Texas Architect May/June 2011: Context
The May/June 2011 edition, Context, features projects that strike a balance between a building’s unique program and the desire for synthesis with its surroundings. The U.S. Courthouse in El Paso directly relates to the region’s geography while adhering to stringent security standards; the restoration of Ancient Oaks near Bastrop recaptures a once-lost sense of place through sensitivity to existing conditions; the Museum of the Pacific War in Fredericksburg demonstrates how to tell a heroic story without overwhelming a small town’s historic fabric; and Singing Bell Ranch offers its city-dwelling owners a getaway of "ranch pragmatism" and prevailing breezes. Other articles include a news update on the City of Austin’s Great Streets program, two commentaries on the 82nd Texas Legislature, a profile of Sisters’ Retreat by Mell Lawrence Architects, and an account of how Ziegler Cooper Architects helped a historic church in Plantersville accommodate a sudden influx of members.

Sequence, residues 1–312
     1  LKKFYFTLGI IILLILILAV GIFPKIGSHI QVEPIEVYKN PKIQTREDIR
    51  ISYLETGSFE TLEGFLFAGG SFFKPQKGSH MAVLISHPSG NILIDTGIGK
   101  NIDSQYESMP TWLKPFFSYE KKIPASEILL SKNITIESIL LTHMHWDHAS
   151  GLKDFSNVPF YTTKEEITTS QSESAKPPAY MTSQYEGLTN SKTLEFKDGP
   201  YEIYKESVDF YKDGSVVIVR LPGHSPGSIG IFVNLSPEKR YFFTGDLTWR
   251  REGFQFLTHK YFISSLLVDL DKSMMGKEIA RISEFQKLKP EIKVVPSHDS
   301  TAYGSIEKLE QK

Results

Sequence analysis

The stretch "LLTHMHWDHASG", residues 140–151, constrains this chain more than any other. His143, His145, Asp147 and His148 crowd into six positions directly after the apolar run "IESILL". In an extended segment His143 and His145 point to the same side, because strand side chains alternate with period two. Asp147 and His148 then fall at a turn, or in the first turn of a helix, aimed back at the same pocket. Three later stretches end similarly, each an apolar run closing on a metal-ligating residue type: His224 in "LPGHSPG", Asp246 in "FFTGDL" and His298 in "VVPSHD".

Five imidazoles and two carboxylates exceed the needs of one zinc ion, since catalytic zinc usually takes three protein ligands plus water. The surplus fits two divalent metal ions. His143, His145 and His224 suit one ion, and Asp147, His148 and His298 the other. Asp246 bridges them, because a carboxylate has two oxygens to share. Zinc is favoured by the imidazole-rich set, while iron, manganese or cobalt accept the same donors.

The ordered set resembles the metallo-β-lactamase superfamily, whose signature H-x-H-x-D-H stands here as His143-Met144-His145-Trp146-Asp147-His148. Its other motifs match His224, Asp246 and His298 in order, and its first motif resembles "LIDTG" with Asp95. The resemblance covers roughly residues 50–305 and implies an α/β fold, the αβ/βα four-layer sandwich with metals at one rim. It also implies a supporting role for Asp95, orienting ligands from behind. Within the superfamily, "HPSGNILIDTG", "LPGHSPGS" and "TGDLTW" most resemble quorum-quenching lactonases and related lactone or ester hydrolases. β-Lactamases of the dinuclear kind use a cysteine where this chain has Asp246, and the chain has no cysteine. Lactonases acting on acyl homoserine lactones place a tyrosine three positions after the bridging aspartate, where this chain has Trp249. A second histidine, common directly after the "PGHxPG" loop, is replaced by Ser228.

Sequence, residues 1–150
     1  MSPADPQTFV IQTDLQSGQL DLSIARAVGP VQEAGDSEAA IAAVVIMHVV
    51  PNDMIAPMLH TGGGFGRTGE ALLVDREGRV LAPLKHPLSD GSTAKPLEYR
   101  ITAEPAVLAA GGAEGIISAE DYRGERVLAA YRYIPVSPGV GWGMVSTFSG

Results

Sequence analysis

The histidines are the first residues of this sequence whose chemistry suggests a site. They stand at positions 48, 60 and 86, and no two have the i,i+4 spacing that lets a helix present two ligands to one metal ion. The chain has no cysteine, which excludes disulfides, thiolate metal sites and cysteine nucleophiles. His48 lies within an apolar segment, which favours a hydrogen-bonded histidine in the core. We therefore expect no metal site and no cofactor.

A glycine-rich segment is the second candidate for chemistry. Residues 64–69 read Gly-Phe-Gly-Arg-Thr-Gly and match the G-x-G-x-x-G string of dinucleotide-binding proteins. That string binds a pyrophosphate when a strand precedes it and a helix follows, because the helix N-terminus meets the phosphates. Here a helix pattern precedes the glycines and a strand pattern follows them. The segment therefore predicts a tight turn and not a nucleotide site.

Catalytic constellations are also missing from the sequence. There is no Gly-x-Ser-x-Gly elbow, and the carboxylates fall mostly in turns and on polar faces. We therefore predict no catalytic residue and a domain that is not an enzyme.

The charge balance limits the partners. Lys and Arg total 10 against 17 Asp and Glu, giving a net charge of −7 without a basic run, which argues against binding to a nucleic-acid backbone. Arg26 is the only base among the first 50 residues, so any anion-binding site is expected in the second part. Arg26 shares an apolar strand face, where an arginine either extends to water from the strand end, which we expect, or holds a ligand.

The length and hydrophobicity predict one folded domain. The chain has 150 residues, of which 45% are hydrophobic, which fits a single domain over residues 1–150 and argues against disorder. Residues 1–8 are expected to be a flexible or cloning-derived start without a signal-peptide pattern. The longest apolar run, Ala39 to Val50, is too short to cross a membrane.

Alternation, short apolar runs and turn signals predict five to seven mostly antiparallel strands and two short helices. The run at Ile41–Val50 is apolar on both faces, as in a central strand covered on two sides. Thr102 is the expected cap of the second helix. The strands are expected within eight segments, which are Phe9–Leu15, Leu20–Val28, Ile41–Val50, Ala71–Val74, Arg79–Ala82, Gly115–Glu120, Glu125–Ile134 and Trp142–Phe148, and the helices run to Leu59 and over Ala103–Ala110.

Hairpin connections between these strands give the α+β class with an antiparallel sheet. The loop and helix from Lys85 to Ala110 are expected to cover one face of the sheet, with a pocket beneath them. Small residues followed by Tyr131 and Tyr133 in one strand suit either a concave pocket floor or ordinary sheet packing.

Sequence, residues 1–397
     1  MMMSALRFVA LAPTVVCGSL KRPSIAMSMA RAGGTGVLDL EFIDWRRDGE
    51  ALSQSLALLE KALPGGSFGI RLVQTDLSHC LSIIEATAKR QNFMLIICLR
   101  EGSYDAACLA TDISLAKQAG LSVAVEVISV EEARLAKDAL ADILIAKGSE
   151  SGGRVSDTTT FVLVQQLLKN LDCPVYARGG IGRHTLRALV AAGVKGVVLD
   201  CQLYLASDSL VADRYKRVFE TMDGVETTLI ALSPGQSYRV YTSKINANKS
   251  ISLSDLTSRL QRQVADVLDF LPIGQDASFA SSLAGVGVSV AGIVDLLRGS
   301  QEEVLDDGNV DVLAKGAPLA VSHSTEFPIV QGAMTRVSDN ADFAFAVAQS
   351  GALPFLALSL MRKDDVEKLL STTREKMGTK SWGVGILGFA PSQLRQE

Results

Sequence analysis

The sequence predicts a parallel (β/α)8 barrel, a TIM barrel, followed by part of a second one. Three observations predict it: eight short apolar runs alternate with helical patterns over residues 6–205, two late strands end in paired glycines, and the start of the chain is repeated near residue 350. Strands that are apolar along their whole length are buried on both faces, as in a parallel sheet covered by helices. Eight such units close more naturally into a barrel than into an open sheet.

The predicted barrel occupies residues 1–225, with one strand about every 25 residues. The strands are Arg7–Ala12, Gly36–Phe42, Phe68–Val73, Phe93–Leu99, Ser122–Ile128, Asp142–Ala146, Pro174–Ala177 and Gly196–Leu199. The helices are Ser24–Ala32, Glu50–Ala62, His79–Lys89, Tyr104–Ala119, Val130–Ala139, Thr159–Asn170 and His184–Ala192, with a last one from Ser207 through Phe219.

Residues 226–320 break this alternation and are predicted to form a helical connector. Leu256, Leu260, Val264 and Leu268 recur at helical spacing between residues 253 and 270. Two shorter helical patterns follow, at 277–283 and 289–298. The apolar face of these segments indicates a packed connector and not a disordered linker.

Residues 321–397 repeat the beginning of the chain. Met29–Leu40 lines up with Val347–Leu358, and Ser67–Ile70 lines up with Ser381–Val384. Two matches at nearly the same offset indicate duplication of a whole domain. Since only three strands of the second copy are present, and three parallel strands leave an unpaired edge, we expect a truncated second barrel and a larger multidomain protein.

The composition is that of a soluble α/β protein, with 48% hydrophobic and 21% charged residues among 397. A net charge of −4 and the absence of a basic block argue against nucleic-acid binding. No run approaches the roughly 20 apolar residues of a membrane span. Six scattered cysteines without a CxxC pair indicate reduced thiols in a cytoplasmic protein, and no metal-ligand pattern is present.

R E V I E W B O O K Queen of the Gulf History of Hotel Galvez looks across 100 years of Galveston Island’s ebb and flow by GERALD MOORHEAD, FAIA Carol M. Highsmith, Hotel Galvez: Queen of the Gulf takes readers on a 100-year journey through the concurrent histories of Galveston and its preeminent beachfront landmark. The book places the newly renovated hotel in historical context with the addition of archival images, including postcards (opposite page) of the sun parlor and beach scenes. 32 T E X A S A R C H I T E C T 5 / 6 2 0 1 1 PHOTOS BY ELIZABETH HACKLER; ARCHIVAL IMAGES COURTESY MITCHELL HISTORIC PROPERTIES Illustrated with new color photography by PUBLISHED LATE LAST YEAR BY MITCHELL HISTORIC PROPERTIES to commemorate the 100th anniversary of the opening of the Hotel Galvez, this handsome volume blends the beloved landmark’s history with Galveston’s over the past century. Gary Cartwright’s narrative swirls back and forth through time to recount events and personages. Cartwright, author of the previous Galveston: A History of the Island, spins episodic tales of the hotel’s clientele, famous and infamous, and reminiscences of “ghosts and other guests.” He even includes a tasty gumbo recipe, along with a profusion of historic postcards and archival photographs. The old snapshots of local bathing beauties and visiting celebrities captured in “grin and grabs” are complemented by rich images of the recently restored “Queen’s Castle.” “To appreciate the Galvez in all its grandeur – to understand why it is called Queen of the Gulf – one should view the hotel from the sidewalk along Seawall Boulevard,” Cartwright states early in the book. “The Galvez dominates the eastern end of the Island in a way a queen’s castle dominates her fiefdom. A six-story stuccoed brick building with creamy lime plaster, the hotel features a central section that rises to eight stories under a hipped roof. On either side are two wings whose glassed-in semicircular bays project outward toward the Gulf… On the wings’ gabled roofs are inset Mission-style parapets, which are key elements of the building’s blended Spanish Colonial and Mission styles. … Four hexagonal towers with metalribbed vaults define each corner of the central section, whose top-most windows are framed with pilasters and crowned with round arches. A four-story square tower pops up from the roofline above the main section’s southeast corner. The hotel is one of Galveston’s few buildings showing Spanish architectural influence; the style subtly evokes the state’s colonial Mexican heritage…” And indeed, Cartwright traces the city’s lineage all the way back to the shipwreck of Cabeza de Vaca in 1528 on the “Island of Misfortune” and to other early Spanish explorers. The Galvez was completed in June 1911 to the designs of Mauran & Russell, the St. Louis firm that had been busy in Houston since about 1910 building the City Auditorium, the Majestic Theater, and the Texas Company Building, and would soon start on the Rice Hotel. For unknown reasons, the consortium of investors – Ike Kempner, Bertrand Adoue, John Sealy, and H.S. Cooper, who collectively called themselves the Galveston Hotel Company – bypassed the hometown star architect, Nicholas Clayton. The Galvez was built atop foundations of 600 wood piers driven 30 feet deep to form an extension of the new seawall. The site was elevated even